Five Marines remain missing and two other Marines have been rescued so far nearly 24 hours after two Marine Corps aircraft crashed off Japan’s coast, officials said on Thursday.
The two rescued Marines were in an F/A-18 Hornet and the other Marines were aboard a KC-130 aerial tanker, both of which went down about 2 a.m. local time on Thursday about 200 miles from Japan, Task & Purpose has learned.
One of the rescued Marines is in fair condition and the other is being evaluated at a local hospital, a Marine Corps news release says.
“U.S. 7th Fleet is supporting ongoing search and rescue efforts with a Navy P-8A Maritime Patrol and Reconnaissance Aircraft flying out of Kadena Air Force Base, along with assistance from the Japan Maritime Self-Defense Force and the Japanese Coast Guard,” the news release says.
The two aircraft had taken off from Marine Corps Air Station Iwakuni and were flying a training mission that included refueling when the incident occurred, the news release says. Investigators are working to determine exactly what caused the crash.
This is a breaking news story and will be updated.
UPDATE: This story was updated at 9: 22 A.M. on Dec. 6 to include that five Marines remain missing.
A small unmanned aerial vehicle built by service academy cadets is shown here flying above ground. This type of small UAV was used by cadets and midshipmen from the U.S. Air Force Academy, the U.S. Military Academy and the U.S. Naval Academy, during a Defense Advanced Research Projects Agency-sponsored competition at Camp Roberts, California, April 23-25, 2017. During the competition, cadets and midshipmen controlled small UAVs in "swarm" formations to guard territory on the ground at Camp Roberts. (U.S. Air Force photo)
Drones have been used in conflicts across the globe and will play an even more important role in the future of warfare. But, the future of drones in combat will be different than what we have seen before.
The U.S. military can set itself apart from others by embracing autonomous drone warfare through swarming — attacking an enemy from multiple directions through dispersed and pulsing attacks. There is already work being done in this area: The U.S. military tested its own drone swarm in 2017, and the UK announced this week it would fund research into drone swarms that could potentially overwhelm enemy air defenses.
I propose we look to the amoeba, a single-celled organism, as a model for autonomous drones in swarm warfare. If we were to use the amoeba as this model, then we could mimic how the organism propels itself by changing the structure of its body with the purpose of swarming and destroying an enemy.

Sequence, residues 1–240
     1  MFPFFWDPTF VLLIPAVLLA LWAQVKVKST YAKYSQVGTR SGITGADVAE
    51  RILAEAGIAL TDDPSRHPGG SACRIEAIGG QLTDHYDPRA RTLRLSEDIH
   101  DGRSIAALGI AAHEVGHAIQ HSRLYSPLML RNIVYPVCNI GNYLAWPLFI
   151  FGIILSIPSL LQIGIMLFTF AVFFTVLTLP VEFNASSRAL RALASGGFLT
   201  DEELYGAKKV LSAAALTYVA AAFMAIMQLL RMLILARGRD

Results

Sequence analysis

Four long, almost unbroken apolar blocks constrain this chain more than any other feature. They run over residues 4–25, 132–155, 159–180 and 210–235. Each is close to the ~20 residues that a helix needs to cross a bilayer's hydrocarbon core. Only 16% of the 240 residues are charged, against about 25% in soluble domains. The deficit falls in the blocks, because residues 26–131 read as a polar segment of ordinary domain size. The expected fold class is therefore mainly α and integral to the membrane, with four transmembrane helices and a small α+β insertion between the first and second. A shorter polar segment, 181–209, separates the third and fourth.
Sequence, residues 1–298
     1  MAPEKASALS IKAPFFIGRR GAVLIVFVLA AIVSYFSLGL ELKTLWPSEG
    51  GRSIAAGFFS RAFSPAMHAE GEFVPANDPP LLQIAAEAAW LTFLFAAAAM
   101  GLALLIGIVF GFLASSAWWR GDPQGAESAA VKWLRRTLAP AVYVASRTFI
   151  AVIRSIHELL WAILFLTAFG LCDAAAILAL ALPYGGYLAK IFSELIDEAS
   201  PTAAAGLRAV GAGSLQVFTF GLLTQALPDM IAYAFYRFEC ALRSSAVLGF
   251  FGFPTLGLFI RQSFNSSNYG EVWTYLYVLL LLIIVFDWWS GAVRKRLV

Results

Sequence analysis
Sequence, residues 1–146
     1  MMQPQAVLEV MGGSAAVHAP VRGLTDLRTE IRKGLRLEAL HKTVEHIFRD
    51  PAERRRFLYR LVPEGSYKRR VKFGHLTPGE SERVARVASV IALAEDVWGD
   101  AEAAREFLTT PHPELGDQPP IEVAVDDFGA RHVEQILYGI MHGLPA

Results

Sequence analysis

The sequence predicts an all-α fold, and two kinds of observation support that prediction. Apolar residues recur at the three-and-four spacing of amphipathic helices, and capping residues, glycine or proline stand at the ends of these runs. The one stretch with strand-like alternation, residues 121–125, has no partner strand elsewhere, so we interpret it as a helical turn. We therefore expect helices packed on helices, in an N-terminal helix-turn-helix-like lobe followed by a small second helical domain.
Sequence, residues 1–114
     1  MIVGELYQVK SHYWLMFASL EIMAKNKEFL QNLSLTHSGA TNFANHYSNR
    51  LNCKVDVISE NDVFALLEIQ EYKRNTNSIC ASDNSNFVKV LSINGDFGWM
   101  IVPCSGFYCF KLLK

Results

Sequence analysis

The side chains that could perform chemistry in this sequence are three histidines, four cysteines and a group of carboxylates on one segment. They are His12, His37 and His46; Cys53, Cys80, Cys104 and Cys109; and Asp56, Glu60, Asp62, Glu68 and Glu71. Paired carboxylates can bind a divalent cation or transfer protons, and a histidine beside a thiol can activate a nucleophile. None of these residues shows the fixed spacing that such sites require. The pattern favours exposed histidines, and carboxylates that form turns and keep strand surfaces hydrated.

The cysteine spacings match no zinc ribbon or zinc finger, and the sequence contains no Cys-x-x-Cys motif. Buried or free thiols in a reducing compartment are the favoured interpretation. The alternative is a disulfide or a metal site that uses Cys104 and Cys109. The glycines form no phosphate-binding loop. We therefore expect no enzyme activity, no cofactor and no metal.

Soldiers from 4th Squadron, 9th U.S. Cavalry Regiment "Dark Horse," 2nd Armored Brigade Combat Team, 1st Cavalry Division, are escorted by observer controllers from the U.S. Army Operational Test Command after completing field testing of the Armored Multi-Purpose Vehicle (AMPV) Sept. 24, 2018. (U.S. Army/Maj. Carson Petry)
The Army has awarded a $575 million contract to BAE Systems for the initial production of its replacement for the M113 armored personnel carriers the service has been rocking downrange since the Vietnam War.
President Donald Trump has formally outlined how his administration plans to stand up the Space Force as the sixth U.S. military service – if Congress approves.
On Tuesday, Trump signed a directive that calls for the Defense Department to submit a proposal to Congress that would make Space Force fall under Department of the Air Force, a senior administration official said.
The Battle of Iwo Jima, which began Feb. 19, 1945, was one of the bloodiest battles in Marine Corps history, as former Cpl. Don Graves knows firsthand and will never forget.
He'll also never forget the time a Japanese soldier smelled hot chocolate being brewed near him and called out for him to bring him some. The moment, as he recounted in a video posted to the Marine Corps Facebook page Tuesday, was almost like the Christmas truce that wasn't.